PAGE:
This order of marsupials includes 2 families, the Peramelidae (bandicoots and bilbies) and Peroryctidae (spiny bandicoots, mouse bandicoot).
Peramelemorphs are terrestrial animals of small to medium size. They have long pointed heads and compact bodies. Their forearms are short and and their hindlimbs relatively long. The forefeet of most species are adapted for digging, with long forefeet and strong claws on second, third, and fourth toes. The first and fifth toes are absent, or if present, small and lacking claws. On the hindfeet, the fourth toe is largest. Digits two and three are syndactylous, that is, they are joined except that they have separate claws. Peramelemorphs usually move by hopping. Characteristically, they land on hind and forefeet, and then take off with a push of their large hindfeet. An exception to this pattern was the pig-footed bandicoot, Chaeropus ecaudatus, which became extinct sometime after 1950. These animals had two functional toes on their forefeet and one on their hindfeet, each with hoof-like claws. They were said to have been agile and rapid runners, but little is known of their habits.
Peramelemorphs have 4-5 upper incisors and 3 lower incisors. They are considered to be among the polyprotodont marsupials, and the combination of syndactylous feet and polyprotodont incisors defines them. Their incisors are flattened at the tips, not pointed as they are in the other main group of polyprotodonts, the dasyuromorphs. The crown of the last lower incisor is bilobed. Peramelemorphs have well-developed canines, 3 upper and 3 lower premolars, and 4 upper and 4 lower molars. The third upper premolar is larger than the second. The premolars have a generally bladelike, slicing shape (plagialacoid), while the molars are tritubercular or quadrate.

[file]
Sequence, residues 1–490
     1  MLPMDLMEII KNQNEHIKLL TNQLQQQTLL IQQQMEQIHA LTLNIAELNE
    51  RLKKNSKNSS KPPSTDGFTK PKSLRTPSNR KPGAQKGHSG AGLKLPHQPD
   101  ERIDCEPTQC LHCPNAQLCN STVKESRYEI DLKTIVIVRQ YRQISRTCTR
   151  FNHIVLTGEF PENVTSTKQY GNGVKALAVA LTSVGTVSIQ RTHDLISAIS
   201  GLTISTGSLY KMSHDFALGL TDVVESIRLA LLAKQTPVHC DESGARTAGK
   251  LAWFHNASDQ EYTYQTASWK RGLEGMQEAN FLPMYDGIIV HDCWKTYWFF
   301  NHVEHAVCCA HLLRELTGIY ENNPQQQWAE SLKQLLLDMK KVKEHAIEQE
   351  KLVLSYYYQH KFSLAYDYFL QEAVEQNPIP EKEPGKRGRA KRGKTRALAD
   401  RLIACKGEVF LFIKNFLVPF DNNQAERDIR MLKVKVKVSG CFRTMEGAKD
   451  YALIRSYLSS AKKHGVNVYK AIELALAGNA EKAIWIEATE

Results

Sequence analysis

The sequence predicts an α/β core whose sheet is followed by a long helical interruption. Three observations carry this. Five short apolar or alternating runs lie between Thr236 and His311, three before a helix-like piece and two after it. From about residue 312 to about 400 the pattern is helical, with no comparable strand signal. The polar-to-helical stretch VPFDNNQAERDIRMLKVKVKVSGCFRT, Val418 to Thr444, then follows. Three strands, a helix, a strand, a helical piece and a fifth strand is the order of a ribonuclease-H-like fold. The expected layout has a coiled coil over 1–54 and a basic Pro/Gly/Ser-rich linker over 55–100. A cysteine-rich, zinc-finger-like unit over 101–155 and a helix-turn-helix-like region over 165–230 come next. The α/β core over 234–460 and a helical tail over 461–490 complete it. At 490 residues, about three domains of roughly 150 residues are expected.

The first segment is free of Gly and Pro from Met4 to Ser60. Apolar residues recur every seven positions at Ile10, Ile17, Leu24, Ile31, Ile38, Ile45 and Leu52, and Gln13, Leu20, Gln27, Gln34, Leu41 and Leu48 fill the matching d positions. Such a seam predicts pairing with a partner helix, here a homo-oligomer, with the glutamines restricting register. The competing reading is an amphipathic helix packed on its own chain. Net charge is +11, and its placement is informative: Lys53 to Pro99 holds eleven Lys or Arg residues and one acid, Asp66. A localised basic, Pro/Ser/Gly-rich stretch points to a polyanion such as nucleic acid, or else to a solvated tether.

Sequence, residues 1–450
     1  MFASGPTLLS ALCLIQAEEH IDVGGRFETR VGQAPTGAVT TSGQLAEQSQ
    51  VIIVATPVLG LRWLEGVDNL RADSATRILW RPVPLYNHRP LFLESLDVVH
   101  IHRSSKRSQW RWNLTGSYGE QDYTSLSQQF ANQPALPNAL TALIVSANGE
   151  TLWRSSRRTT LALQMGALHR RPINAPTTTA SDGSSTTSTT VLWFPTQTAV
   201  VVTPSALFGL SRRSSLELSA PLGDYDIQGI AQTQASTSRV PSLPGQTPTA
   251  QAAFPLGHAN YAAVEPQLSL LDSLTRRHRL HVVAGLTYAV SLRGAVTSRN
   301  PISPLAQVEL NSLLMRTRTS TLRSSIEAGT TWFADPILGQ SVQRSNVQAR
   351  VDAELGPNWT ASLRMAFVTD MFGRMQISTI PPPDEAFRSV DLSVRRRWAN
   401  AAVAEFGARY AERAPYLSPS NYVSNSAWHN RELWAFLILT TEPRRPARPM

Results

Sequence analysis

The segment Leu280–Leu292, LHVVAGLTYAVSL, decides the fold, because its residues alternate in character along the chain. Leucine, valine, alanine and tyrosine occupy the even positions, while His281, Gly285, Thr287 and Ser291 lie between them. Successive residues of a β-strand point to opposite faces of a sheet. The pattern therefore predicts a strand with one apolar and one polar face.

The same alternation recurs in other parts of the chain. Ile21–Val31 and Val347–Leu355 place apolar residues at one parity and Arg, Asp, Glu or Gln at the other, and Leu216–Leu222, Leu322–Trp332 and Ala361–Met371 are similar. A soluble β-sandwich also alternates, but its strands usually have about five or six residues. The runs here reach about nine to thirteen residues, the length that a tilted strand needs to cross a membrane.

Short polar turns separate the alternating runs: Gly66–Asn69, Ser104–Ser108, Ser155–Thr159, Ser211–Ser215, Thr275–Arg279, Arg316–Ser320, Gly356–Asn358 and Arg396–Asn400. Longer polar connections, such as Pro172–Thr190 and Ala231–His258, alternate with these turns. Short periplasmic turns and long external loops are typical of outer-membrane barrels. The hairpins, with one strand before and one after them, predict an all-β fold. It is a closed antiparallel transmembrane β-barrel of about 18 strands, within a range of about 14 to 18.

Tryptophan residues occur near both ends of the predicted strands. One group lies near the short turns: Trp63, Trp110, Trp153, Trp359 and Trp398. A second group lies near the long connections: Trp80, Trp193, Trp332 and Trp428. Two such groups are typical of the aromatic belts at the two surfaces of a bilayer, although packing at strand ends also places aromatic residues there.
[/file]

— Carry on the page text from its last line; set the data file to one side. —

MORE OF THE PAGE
The diet of bandicoots and bilbies is made up mostly of insects, but they also eat lots of plant material, and sometimes also rodents and lizards. Most species forage by rooting or digging about in the ground.
Older classifications divide the bilbies and bandicoots into two families, Thylacomyidae and Peramelidae, respectively. Recent molecular work has supported combining these two as a single family, the Peramelidae, but splitting out the spiny bandicoots and other New Guinea genera (Echymipera, Peroryctes, Microperoryctes) as a new family, the Peroryctidae.
An unusual feature of peramelemorphs is that they have chorioallantoic placentae. These differ from the chorioallantoic placentae of placentals, however, in that they have no villi, which effectively reduces the intimacy of contact between fetus and mother. A marsupium (pouch) is present and opens to the rear.
Peramelemorphs are found in a wide range of habitats in Australia and New Guinea.
Families of Peramelemorphia Family Peramelidae (bandicoots and bilbies) Family Peroryctidae (Spiny bandicoots)
<<<<<<<>>>>>>>ARTIODACTYLA CARNIVORA CETACEA CHIROPTERA DASYUROMORPHIA DERMOPTERA DIDELPHIMORPHI DIPROTODONTIA HYRACOIDEA INSECTIVORA LAGOMORPHA MACROSCELIDEA MICROBIOTHERIA MONOTREMATA NOTORYCTEMORPHIA PAUCITUBERCULATA PERAMELEMORPHIA PERISSODACTYLA PHOLIDOTA PRIMATES PROBOSCIDEA RODENTIA SCANDENTIA SIRENIA TUBULIDENTATA XENARTHRA